Relief efforts at the epicenter of a weekend earthquake that left at least 398 people dead in the southwestern province of Yunnan were severely hampered Monday by landslides and torrential rain.
About 230,000 people have been evacuated following the collapse of about 12,000 homes in the 6.1 magnitude quake which struck Sunday in Ludian county, about 370 kilometers (230 miles) northeast of Yunnan province's capital, Kunming, the official Xinhua News Agency reported.
While rescue teams were trawling through rubble, laying bodies out in the streets of Yunnan's worst-hit Longtoushan township, volunteers and survivors said many people had likely died of injuries in spite of having been dug out from the ruins of buildings.
Those who did survive were soaked by the rainfall, and still lack food and medication, rescue workers and victims told RFA.
"We were all there when the earthquake started," a survivor surnamed Li from Ludian's Shuimo township told RFA. "A lot of the roof beams fell in on the houses."
"This evening, there is a chorus of children crying, but we haven't dared to go back inside all night."
"There were some aftershocks today ... The electricity went down for two to three hours, then came back on again," Li said.
"The bigger trees have all fallen down, and the smaller roads have been cut off, although I think the highways are all running normally," he said.
Some of the injured died while being carried out on stretchers, one volunteer rescue worker told RFA from the scene of the disaster in Ludian county.
"There are a number of towns and villages that have been very hard hit, and people coming out of them are telling us that all the buildings were flattened," the volunteer said.
"Yesterday, a lot of the injured died in the night because they couldn't be evacuated," he said. "Now they are restricting traffic to ambulances and military vehicles, so as to make it easier to save lives."
He said some of the traffic restrictions were linked to an official visit to the disaster zone by Premier Li Keqiang, although some relief work was now using helicopters.
"I saw helicopters flying back and forth today, but the villages I have been to haven't received any relief supplies yet at all," he said.
"They are having to help themselves as best they can by digging stuff out of the rubble, like fabric to shade themselves from the sun," he said.
He said water is now "extremely scarce," and that earthquake victims are being forced to use existing sources which may now be unsafe.
"Our company is a water purification company, but we can't get into those villages yet," he said.
Meanwhile, a worker at a blood donation center in nearby Zhaotong city said medical relief was continually hampered by torrential rains that had struck the area shortly after the earthquake rocked towns and villages across one of the country's most beautiful mountainous regions.
"It is pouring rain right now, with around a meter of rainfall every hour," she said. "More than 300 people have donated blood, but it definitely won't be enough."
"Judging from the injured I have seen ... one injured person is using donated blood from several different people."
She said the death toll could still rise further.
"It's impossible to know how many people have been killed or injured because some of them are still under the rubble," she said.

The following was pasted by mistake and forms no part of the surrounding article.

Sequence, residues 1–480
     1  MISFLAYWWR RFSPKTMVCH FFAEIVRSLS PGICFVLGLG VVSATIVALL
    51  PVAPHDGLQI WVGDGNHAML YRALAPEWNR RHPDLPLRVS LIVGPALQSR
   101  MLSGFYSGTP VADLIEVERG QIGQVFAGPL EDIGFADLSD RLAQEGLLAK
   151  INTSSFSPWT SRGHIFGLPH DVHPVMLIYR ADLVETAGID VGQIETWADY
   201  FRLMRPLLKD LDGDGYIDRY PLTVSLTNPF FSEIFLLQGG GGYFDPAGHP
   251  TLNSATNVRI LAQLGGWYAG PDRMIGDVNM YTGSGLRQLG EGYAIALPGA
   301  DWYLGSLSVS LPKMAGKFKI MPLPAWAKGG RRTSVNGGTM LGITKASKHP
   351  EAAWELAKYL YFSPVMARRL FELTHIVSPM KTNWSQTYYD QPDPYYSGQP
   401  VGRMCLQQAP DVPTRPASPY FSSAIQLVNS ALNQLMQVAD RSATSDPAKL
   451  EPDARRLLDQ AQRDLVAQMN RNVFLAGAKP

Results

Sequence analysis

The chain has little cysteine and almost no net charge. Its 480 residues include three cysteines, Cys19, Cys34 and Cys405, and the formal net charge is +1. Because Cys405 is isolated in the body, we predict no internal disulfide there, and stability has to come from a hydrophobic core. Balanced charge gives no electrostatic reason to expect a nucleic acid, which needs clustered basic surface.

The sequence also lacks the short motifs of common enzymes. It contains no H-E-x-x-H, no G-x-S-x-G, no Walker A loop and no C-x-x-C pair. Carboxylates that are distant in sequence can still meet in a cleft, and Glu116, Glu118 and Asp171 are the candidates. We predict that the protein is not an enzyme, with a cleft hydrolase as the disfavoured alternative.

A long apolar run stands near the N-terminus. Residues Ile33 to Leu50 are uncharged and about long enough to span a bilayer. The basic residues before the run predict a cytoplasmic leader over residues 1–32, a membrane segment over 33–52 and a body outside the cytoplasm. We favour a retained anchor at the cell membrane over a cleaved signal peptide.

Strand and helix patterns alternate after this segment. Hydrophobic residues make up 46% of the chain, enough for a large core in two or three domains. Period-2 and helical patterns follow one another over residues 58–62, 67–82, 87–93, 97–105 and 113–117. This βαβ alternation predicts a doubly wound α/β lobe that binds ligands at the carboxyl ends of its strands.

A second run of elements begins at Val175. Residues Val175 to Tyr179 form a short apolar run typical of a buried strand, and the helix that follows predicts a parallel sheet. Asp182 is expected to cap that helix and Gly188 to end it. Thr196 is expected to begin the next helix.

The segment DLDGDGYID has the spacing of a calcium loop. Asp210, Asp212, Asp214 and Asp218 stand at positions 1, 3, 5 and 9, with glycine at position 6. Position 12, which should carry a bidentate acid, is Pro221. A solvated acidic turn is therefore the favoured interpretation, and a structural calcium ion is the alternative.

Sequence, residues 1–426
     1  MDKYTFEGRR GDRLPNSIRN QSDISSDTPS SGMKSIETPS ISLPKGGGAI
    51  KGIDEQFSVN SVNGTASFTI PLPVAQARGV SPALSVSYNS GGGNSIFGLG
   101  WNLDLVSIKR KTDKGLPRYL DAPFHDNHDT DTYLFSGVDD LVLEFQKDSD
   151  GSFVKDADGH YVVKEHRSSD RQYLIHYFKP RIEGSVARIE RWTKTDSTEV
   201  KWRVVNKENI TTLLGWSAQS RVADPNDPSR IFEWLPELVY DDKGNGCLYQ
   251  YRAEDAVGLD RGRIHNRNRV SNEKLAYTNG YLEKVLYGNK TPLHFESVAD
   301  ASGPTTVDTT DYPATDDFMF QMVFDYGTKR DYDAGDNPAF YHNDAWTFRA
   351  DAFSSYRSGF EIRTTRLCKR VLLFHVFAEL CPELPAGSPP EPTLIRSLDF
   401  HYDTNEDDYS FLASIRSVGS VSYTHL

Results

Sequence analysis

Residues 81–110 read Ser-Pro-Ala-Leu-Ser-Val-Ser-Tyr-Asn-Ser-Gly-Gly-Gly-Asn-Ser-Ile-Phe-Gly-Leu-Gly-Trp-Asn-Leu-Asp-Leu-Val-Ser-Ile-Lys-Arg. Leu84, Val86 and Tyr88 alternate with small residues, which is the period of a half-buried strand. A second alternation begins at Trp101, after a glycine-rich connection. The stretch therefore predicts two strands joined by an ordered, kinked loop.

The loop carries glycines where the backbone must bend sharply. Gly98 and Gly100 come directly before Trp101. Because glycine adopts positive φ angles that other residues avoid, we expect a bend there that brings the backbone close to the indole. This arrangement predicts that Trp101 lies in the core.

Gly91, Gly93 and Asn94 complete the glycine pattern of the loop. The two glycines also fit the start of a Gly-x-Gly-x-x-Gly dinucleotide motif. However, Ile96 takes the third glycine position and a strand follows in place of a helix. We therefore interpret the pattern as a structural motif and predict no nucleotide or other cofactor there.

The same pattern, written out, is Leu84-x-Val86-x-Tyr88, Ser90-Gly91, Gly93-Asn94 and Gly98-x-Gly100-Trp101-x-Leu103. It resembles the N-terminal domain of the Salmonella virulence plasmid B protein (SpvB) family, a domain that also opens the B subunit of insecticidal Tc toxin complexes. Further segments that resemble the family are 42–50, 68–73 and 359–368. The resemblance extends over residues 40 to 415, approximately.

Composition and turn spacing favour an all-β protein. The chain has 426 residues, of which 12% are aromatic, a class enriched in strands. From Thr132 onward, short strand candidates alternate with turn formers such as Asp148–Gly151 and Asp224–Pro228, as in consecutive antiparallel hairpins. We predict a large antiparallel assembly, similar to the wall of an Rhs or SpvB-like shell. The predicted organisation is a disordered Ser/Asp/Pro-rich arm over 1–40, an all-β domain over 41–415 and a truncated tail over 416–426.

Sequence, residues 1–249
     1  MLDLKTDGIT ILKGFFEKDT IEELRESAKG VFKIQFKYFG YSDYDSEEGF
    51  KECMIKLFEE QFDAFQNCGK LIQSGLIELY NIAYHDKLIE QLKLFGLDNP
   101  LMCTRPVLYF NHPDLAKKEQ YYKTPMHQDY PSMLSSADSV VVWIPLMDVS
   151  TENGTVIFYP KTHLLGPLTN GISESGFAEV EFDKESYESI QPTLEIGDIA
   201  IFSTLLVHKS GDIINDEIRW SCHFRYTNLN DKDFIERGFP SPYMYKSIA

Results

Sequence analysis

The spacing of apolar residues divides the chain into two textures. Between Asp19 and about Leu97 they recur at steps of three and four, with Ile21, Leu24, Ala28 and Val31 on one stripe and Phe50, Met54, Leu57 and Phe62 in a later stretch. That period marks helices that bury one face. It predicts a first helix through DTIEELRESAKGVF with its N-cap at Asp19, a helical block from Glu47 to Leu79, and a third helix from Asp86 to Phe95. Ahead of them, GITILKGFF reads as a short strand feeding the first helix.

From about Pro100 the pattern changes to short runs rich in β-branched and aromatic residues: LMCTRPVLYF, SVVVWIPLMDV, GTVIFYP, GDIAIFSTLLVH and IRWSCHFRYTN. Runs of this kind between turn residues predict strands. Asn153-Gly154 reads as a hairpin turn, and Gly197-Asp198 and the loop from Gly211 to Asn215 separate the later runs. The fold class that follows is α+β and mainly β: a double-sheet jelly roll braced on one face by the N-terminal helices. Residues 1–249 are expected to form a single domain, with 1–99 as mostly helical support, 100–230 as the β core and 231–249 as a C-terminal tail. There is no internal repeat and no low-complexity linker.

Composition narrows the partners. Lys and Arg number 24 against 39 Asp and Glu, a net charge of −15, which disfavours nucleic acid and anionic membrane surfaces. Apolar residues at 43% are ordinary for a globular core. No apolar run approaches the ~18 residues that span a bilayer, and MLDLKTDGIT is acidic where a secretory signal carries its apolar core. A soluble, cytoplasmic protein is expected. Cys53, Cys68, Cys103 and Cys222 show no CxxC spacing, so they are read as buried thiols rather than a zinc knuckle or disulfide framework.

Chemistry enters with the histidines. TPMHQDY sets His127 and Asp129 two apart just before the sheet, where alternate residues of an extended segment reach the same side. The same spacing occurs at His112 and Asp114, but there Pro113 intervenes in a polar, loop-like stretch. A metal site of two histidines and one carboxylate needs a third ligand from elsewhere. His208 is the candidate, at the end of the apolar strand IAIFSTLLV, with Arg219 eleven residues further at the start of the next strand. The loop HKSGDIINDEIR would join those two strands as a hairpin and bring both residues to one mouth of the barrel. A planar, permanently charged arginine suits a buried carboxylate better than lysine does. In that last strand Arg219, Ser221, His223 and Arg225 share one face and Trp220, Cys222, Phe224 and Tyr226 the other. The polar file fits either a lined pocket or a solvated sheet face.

China has declared a top-level emergency in the wake of the quake, pouring 18,000 rescue workers into the region, whose work was hampered by heavy rain and narrow mountain roads blocked by landslides and rockfalls, official media reported on Monday.
State broadcasts said rescuers were digging for survivors in the rubble of some 12,000 homes that collapsed during the Sunday afternoon quake in remote Ludian county.
Lack of supplies
A resident of Longjin village near Longtoushan surnamed Mao said local people were unable to enter their flattened homes in search of food.
"We need medicines and food, but local farmers' houses have been flattened, so we can't get at the food," Mao said. "There hasn't been any relief yet. We are all still waiting for it."
"It's been a whole day since the quake but the rescue workers haven't come yet, and we have no way to get off the mountain," he said. "There have been aftershocks this whole time."
He said local people were now sheltering on the sportsground of a nearby primary school.
"Three, four hundred of us are sleeping huddled together at night under a tarpaulin," Mao said. "Some stand, some sit. That's all we can do."
"Yesterday, all we had to eat was potatoes, and today we had a little rice gruel," he said.
Meanwhile, in nearby Qiaojia county, soldiers and other rescue workers were making there way into the quake-hit region on foot after some sections of the highway collapsed, according to a local resident surnamed Zhou.
"Things are pretty bad here; a lot of people have been injured, and many of the roads have caved in," he said.
"We need emergency relief supplies and manpower," Zhou said. "There is a shortage of everything."
"We have sent some people to help in the mountainous area, where a lot of houses collapsed," he added.
In need of tents
Shui Cao, a rescue worker with the Lantian voluntary team from Xiamen, said many people were sleeping in the open and desperately in need of tents, quilts and padded overcoats.
"The most important thing is tents, because it keeps raining across the whole area," Shui said.
"There hasn't [been enough help from the government]. We haven't even been able to contact the government."
Repeated calls to the Ludian and Qiaojia county governments rang unanswered during office hours on Monday.
Reported by Wen Yuqing for RFA's Cantonese Service, and by Xin Lin for the Mandarin Service. Translated and written in English by Luisetta Mudie.